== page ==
The latest Trends in Cognitive Sciences has a fantastic review article on the cognitive neuroscience of eye contact, demonstrating how this fleeting social connection has a powerful impact on the mind and brain.
Past research has shown that making eye contact has an impact on social perception and subsequent behaviour.
It also seems to increase general arousal and fixes attention – we’re less likely to notice things happening on the periphery of our vision if we’re staring at a face with eye contact than at a face where the eyes are diverted to the side.
In neuroimaging studies eye contact has been found to increase activity in a group of areas (medial prefrontal cortex, superior temporal gyrus, fusiform gyrus) that have often been associated with social interaction across a wide range of studies.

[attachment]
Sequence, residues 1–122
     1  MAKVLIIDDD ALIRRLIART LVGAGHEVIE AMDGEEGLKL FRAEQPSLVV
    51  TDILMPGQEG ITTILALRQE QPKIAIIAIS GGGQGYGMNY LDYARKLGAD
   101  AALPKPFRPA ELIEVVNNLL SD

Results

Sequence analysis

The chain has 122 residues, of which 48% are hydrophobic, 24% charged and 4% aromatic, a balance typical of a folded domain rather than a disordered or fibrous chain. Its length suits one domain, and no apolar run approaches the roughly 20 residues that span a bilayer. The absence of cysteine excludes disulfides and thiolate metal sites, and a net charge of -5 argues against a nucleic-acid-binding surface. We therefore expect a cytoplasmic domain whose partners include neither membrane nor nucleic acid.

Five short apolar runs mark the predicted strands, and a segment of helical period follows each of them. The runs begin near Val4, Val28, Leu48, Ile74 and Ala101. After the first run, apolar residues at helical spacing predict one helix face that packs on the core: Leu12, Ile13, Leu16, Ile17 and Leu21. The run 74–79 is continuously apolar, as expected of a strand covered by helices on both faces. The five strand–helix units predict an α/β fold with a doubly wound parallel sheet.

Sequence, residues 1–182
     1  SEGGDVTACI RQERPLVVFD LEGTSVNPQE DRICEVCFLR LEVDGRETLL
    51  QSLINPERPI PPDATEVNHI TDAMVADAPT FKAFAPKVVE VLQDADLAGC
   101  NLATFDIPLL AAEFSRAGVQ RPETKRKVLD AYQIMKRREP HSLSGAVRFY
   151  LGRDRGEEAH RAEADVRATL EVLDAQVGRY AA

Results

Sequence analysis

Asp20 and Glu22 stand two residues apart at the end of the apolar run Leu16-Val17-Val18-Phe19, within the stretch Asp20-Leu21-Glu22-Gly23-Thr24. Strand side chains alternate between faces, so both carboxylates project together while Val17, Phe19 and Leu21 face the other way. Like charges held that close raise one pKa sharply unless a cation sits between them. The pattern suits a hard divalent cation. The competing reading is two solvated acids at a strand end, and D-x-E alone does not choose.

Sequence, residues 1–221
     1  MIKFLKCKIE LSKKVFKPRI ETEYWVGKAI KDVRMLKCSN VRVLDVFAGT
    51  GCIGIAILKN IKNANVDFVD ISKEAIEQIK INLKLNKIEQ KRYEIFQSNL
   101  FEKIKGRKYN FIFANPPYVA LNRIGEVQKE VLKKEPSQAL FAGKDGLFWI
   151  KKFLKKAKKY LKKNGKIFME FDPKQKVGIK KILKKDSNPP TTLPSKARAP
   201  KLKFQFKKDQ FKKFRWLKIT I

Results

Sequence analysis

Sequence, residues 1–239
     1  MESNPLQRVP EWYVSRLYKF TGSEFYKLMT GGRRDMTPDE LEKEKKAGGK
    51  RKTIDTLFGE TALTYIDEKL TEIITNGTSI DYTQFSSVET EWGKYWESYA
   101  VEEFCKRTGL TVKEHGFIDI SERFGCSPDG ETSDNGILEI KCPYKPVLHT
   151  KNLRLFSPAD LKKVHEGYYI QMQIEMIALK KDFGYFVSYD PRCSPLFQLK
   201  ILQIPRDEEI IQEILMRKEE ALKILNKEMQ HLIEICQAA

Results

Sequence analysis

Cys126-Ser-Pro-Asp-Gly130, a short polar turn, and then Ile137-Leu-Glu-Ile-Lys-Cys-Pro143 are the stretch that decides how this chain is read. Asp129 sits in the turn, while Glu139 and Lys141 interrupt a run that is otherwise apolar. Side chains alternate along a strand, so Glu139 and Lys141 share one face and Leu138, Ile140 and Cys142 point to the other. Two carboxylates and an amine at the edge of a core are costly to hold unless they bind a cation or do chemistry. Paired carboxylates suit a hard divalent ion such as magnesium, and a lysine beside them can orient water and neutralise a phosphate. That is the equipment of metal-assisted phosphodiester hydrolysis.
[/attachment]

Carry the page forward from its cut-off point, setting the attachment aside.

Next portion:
Interestingly, the authors suggest that basic eye contact information might be detected by a specific subcortical mechanism that quickly detects simple light/dark differences, presumably to pick out the direction of the pupil, which then triggers more complex social processing to make sense of its social meaning.
It’s an interesting field, not least because recognising eye contact and following the gaze direction of others are thought to be some of the most fundamental building blocks on which social communication develops in babies.
Children with autism have been found to show radically different patterns of eye contact recognition and gaze direction, and the authors suggest that one cause could be a problem with the these eye contact neural circuits which leads to slow or impaired social understanding.